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Tile Edge Trim – How to Choose It and Install It (2023 Update)

Man breaking car window with tile trim - Tile edge trim post

If you’d like to find out all about tile edge trim, you’ve come to the right place!

This is Steve with SKG Renovations. In this post I will be providing you with an assortment of tile edging options and some helpful installation strategies.

And it gets better!

I will also go through a real life installation example to show you how it’s done by a professional.

And if you’d rather get some super valuable tile installation tips, check out my Shower Tile Installation post.

Ok, let’s get into it!

Summary of Topics:

Please use the links below to skip to any section that interests you.

Alternative to Bullnose Tile

Ceramic Tile Edge Trim Profiles

Metal & Plastic Trim Profiles

Tile Edge Trim Finishes

Trim Depth

Outside Tile Corner Trim

Square Joint or Mitre Joint on Tile Trims?

An Easier Alternative to Shower Niche Trim?

Inside Tile Corner Trim

Inside Corner Dilemma

Product Types

There are four main types of tile edge trim that can be used to finish the perimeter of your tiling installations.

These include stone trims, porcelain or ceramic trim tiles, as well as plastic and metal trims.

These come in various configurations depending on the product and their use, but the metal tile trims (metal tile edging) and stone trims are the most popular.

Alternative to Bullnose Tile

If you are not excited about using a standard tile edge trim profile, you can use real or engineered stone instead. This is one of the fastest growing tile edge trim ideas, quickly displacing the standard tile edging options.

Capping a shower pony wall or framing the inside of a shower niche with polished stone creates a beautiful high end finish, and also provides a great alternative to bullnose tile.

Most of these installations will utilize a marble tile, because these tiles looks great on your shower wall and the tile edges can be exposed for a very nice look.

Marble tiles are almost exclusively used in this situation because they are very popular and also relatively soft, so the edges can be polished with relative ease. Only a few minutes of wet sanding is required to create a fine polished, professional appearance. The image below shows a shower niche trimmed out with marble tiles.

Image courtesy of Redblock Industries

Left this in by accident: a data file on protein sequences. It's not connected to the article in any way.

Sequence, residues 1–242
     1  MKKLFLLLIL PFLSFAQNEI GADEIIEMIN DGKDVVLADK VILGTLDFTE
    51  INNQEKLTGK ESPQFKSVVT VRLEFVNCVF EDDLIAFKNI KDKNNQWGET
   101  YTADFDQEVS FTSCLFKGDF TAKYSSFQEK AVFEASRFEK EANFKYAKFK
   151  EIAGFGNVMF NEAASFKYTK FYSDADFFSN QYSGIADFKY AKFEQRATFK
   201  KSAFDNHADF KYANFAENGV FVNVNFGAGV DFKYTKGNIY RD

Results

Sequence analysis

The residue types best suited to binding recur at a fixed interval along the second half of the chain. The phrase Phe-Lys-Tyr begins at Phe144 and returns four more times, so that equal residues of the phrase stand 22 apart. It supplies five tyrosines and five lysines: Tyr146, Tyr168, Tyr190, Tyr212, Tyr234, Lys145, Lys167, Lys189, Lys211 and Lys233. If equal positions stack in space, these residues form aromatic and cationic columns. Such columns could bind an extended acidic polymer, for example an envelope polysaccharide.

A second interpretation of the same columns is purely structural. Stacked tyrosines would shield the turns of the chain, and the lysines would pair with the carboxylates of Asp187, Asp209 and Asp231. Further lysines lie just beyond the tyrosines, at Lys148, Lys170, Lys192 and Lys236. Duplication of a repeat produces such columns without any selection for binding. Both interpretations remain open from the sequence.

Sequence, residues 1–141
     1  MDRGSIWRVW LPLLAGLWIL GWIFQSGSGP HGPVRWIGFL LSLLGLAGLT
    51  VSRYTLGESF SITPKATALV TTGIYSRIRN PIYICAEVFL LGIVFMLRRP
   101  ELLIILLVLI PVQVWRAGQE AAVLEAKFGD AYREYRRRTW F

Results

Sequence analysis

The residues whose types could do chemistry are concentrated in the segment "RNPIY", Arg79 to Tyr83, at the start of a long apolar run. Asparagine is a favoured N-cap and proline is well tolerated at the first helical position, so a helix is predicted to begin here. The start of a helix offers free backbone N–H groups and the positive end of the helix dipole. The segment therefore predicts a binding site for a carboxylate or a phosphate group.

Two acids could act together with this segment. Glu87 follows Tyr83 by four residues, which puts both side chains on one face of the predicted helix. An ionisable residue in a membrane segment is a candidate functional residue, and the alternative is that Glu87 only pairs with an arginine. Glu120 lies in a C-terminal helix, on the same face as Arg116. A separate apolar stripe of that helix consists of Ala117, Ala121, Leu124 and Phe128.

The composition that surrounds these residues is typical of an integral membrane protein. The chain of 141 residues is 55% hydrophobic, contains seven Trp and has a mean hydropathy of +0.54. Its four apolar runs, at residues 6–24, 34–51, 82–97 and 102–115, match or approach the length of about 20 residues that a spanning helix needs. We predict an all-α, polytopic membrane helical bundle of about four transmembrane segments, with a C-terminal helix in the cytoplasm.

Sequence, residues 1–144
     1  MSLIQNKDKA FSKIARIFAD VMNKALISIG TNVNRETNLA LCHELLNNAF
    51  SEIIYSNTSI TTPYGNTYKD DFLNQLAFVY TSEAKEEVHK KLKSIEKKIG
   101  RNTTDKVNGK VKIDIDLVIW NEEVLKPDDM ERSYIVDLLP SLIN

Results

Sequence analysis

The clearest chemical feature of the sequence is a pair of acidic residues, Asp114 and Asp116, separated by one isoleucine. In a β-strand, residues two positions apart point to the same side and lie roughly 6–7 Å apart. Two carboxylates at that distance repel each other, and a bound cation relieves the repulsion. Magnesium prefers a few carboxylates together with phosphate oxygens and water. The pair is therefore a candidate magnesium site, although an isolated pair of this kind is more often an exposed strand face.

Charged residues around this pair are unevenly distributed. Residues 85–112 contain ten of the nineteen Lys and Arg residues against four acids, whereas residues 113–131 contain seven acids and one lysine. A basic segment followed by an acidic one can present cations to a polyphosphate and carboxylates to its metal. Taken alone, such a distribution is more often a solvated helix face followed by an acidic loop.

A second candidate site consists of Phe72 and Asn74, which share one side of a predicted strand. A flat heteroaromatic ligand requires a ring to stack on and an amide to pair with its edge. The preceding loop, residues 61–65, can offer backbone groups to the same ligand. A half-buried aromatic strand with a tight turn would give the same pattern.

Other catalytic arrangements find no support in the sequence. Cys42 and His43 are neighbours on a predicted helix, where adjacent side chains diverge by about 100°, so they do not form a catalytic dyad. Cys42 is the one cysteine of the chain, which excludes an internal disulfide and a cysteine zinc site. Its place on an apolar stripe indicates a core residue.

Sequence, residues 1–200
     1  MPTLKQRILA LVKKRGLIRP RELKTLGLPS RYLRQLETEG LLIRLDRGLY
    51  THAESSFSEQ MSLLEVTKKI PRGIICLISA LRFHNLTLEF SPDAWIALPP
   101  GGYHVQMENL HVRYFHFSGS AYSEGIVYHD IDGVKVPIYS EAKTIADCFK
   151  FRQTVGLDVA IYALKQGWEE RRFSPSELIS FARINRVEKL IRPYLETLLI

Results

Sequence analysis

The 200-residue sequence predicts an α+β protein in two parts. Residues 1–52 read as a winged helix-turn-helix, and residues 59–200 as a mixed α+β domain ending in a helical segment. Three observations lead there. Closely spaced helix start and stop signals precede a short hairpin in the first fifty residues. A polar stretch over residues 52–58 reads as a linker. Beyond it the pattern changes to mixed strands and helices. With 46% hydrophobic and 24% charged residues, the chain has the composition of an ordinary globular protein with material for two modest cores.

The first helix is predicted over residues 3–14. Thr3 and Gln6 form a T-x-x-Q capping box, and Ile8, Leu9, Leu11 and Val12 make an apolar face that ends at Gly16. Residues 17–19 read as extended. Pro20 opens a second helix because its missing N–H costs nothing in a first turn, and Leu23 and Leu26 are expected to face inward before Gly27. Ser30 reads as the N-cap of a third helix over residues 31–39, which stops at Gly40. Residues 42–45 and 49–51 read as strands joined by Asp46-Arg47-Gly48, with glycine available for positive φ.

You can also use stone material from a local stone fabricator if you can get your hands on some. This material is usually used for kitchen and bathroom counter tops so it’s quite thick (a choice of either 2cm or 3cm thickness). This is a great option for those who prefer the more bold look of a thicker stone.

This option can be relatively cheap if you can find a fabricator willing to give you a few small pieces. This may not be as difficult as you think because small pieces are a real pain to store for these guys… and they have lots of these laying around after every job that will eventually be disposed of.

This tile trim strategy is becoming much more popular because it creates a very compelling seamless look and is easier to install than other trims. It can also produce a beautiful modern or classic finish depending on your choice of stone.

Ceramic Tile Edge Trim Profiles

Ceramic tile edge trim profiles can have a finished square edge, or more commonly a larger radius bullnose edge.

These types of tile edging were common in modern designs during the 1980’s and early 90’s but are no longer popular in todays modern bathroom designs.

There are some unique modern trim tiles available today, but they are usually special order items and generally quite expensive.

In contrast, it is quite common to see these tiles in more traditional design schemes these days.

The attached image shows a ceramic trim tile being used very nicely around a tiled shower niche in a traditional bathroom design.

Metal and Plastic Tile Edge Trims

Close up of Tile Edge Trim Wheel -250W

Metal tile trims and plastic tile edge trims come in several profile shapes and colors, but plastic is the least popular of this group because they do not stand up well to abrasion.

The metal tile edging is by-far the most common trims used in most mid-cost and higher end renovations (image of sample trim wheel).

They are ideal for high abrasion areas such as floors, but have also become a standard in most shower wall tiling installations.

They are available in the widest range of finishes and profile styles, but the profile with the very narrow top edge is the most popular (for example, Schluter Jolly).

There are a large selection of Shluter profiles available. You can see them all on the Schluter Systems website.

Most home stores carry Schluter profiles but you can usually only get the Jolly profile without special ordering them. There are a few more Schluter profile options readily available online.

Tile Edge Trim Finishes

Tile Edge Trim Wheel section
Bathroom vanity faucets in different finishes - stock pic - 300W

If you’ve decided to install a metal tile edge trim, and you’ve picked the type and style you want, then it’s time to choose the finish.

You should be prepared to select your trim finish well in advance of your tiling project because some finishes are special order items.